Some things just go together. Like Peanut Butter & Jelly, Sonny & Cher, Siskel & Ebert (okay, not so much). Puzzle Quest brings something together in complete harmony like no other game before it. Puzzles and Role Playing Games. Sure the Zelda or Breath of Fire series have puzzles in the game, but we are talking full integration where every battle is decided in a Bejeweled-like interface. Complete with mounts, spells, and other rpg-like elements; this could be the best idea of putting things together since I tried fritos and cream cheese. (Come on, you know you are curious)
Puzzle Quest was first released on the DS and the PSP in early 2007. Things that look big on the tiny screen have to be scaled so that they fit appropriately when dealing with HD and the way the Xbox 360 operates. The colors and the objects on the screen are extremely colorful and vibrant. It’s not mind blowing but it is certainly adequate and you will be able to navigate the menus with ease. Unless you are trying to read the text on the screen. For some reason, the text is very small and difficult to read. Perhaps I’m getting old but I found myself slowing down to read the text. This wasn’t due to complexity or wanting to be careful to not miss a clue. Keep in mind, I also operate on a 42″ HD Tv. If it is small for me, I cringe to worry about how small it might be for those will smaller sets (HD or not). The graphics look very good, however this one little attention to detail should have been taken care of in the testing stage.
I have said it once, I’ve said it a million times; I appreciate the dolby digital 5.1 sound but why in puzzle games (even when combined with rpgs) do we have to have the same song every beeping time? Over the course of the game you will encounter tons of monsters or creatures that stand in your way. Everytime you beat one, prepare to stick forks inside your head to keep the song from playing again. However the sound effects are pretty nice and do keep you inside the game. They are crisp and even use their surround environment to envelope the playing experience. Repetition is the only harmful thing here.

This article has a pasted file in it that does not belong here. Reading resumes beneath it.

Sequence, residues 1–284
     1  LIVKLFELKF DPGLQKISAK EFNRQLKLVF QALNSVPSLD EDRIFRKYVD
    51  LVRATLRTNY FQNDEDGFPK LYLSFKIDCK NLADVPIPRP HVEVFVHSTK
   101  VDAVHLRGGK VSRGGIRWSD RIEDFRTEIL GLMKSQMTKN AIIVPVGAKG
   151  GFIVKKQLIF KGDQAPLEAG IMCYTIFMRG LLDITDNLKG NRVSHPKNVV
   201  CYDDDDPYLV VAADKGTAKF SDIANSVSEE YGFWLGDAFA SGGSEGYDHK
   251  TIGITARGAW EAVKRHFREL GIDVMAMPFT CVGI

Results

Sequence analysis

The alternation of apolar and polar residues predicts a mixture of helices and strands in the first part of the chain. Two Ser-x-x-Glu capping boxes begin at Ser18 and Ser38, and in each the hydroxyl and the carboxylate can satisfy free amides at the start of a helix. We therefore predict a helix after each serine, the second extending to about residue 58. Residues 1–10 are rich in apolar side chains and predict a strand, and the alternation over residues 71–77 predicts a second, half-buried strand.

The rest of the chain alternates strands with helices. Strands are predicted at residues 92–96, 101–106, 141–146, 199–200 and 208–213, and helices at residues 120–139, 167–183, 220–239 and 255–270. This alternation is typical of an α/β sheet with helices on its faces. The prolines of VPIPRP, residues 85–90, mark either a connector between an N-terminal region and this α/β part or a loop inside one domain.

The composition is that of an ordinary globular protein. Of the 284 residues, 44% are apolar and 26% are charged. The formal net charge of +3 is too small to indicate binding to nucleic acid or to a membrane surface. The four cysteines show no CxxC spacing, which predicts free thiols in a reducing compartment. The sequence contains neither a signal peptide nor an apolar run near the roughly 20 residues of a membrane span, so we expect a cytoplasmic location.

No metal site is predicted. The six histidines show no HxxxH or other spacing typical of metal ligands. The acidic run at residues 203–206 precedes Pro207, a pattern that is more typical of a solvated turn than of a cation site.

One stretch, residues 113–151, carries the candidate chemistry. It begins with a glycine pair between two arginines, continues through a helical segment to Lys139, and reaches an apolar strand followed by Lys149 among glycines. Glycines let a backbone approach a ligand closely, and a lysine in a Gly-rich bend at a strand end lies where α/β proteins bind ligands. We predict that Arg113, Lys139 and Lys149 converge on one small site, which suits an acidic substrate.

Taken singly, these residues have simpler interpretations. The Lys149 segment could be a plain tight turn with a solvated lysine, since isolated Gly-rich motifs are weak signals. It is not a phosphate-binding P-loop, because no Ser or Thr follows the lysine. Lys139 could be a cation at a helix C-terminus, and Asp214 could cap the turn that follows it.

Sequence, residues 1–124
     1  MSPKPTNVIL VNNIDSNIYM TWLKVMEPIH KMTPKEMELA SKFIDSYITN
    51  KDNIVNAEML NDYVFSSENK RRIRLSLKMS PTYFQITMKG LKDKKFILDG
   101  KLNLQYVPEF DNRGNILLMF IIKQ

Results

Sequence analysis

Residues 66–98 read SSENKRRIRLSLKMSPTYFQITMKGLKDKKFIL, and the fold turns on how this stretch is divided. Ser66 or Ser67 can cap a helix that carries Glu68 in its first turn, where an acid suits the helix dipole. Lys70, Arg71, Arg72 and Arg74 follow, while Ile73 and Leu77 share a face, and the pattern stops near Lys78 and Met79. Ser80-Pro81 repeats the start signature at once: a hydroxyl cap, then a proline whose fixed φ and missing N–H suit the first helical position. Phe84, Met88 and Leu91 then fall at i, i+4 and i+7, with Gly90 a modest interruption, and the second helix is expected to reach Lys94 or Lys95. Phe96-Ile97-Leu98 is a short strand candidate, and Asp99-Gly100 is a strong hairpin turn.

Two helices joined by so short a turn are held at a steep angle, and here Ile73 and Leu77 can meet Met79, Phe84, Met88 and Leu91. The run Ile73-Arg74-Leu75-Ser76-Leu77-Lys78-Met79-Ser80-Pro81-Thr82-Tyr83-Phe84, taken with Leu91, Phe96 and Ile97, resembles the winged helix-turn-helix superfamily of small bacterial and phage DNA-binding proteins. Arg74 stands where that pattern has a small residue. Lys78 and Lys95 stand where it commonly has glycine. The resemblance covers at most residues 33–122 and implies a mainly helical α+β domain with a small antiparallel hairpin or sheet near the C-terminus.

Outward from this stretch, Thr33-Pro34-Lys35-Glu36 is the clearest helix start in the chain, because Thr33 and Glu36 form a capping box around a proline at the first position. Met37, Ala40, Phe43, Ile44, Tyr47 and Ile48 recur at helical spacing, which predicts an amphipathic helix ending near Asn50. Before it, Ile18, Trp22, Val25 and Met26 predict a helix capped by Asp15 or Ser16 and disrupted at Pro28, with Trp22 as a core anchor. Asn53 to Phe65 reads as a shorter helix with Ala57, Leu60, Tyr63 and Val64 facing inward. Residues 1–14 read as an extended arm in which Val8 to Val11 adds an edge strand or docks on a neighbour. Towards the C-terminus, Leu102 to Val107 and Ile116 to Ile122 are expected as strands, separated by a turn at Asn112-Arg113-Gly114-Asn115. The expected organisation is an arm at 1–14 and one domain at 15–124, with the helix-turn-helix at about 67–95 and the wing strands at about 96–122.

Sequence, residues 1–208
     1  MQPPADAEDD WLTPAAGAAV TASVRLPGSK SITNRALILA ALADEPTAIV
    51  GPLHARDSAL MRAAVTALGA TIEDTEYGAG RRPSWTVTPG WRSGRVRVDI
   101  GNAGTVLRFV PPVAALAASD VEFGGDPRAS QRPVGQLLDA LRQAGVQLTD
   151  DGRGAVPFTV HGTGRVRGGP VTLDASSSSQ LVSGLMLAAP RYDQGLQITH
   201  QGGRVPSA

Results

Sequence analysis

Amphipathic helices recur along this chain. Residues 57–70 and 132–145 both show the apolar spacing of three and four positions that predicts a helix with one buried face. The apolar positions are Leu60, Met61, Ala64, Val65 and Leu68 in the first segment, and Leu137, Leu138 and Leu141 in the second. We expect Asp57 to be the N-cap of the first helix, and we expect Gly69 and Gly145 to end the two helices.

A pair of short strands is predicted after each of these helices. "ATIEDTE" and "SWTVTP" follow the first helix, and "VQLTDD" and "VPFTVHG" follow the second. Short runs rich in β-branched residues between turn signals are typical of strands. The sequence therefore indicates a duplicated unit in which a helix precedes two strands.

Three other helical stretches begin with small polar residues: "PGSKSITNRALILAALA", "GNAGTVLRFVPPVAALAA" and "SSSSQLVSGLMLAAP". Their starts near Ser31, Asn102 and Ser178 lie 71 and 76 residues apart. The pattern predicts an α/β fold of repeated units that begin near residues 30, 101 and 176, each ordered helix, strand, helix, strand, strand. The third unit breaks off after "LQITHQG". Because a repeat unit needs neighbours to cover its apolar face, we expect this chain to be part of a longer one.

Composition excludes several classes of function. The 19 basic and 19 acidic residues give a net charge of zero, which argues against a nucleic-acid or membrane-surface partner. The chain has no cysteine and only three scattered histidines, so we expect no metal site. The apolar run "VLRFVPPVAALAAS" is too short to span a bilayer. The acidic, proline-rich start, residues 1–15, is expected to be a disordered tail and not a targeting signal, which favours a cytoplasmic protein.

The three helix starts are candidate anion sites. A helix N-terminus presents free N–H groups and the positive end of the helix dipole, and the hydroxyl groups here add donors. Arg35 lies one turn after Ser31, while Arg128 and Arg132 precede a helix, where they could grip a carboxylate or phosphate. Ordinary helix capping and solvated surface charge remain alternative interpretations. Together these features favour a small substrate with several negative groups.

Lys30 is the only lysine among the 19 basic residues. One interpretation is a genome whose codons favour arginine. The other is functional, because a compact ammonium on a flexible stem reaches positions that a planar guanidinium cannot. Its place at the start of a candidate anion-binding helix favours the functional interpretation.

The story in Puzzle Quest is mostly irrelevant. Your character starts off as a druid, knight, warrior or wizard and is thrown into quests on a fanatical land where you have to fight off ogres, rats and even the occasional liche. The beating of monsters and completing quests will net you experience and help you increase the level of your character. However, the fighting while turn-based is not done in the traditional rpg manner. It is a puzzle field which is set up just like Bejeweled. Here you must make matches with three of a kind up to five of a kind of various types of mana, coins, experience (purple stars) and skulls which deal damage. The mana is stored in four different types representing the four elements of earth, fire, air and water. This mana is then used to cast spells which can do everything from dealing poison to healing to handing out extensive damage. The interface to do this is fairly straight forward and provides the battlefield for the cliche, a minute to learn, a lifetime to master.
The interface is very simple too, you have the battlefield (the puzzle screen) in the center. To the left is your cute little picture with your spells and hit points; to the right is your enemy with their respective stats. Matches aren’t hard to find (and the screen resets if there isn’t one) but there are times when you will miss open four matches if you aren’t careful enough. The thing that will frustrate you the most however is how often the drops go towards the computer’s favor dropping skulls and four of a kind right where they want them. The computer will often have more hit points than you and be able to deal harsher damage toward you too. This makes for a very tough time for certain fights (Dugog for example) and one of those times where Microsoft might stand to make extra money in their sales of controllers (since they are flung across the room in frustration). One thing that saves this is that any battle can be replayed near instantly. Just go up to the creature again and fight it out. It even gives you the option to back up and do something else to gain a better edge over your deadly opponent.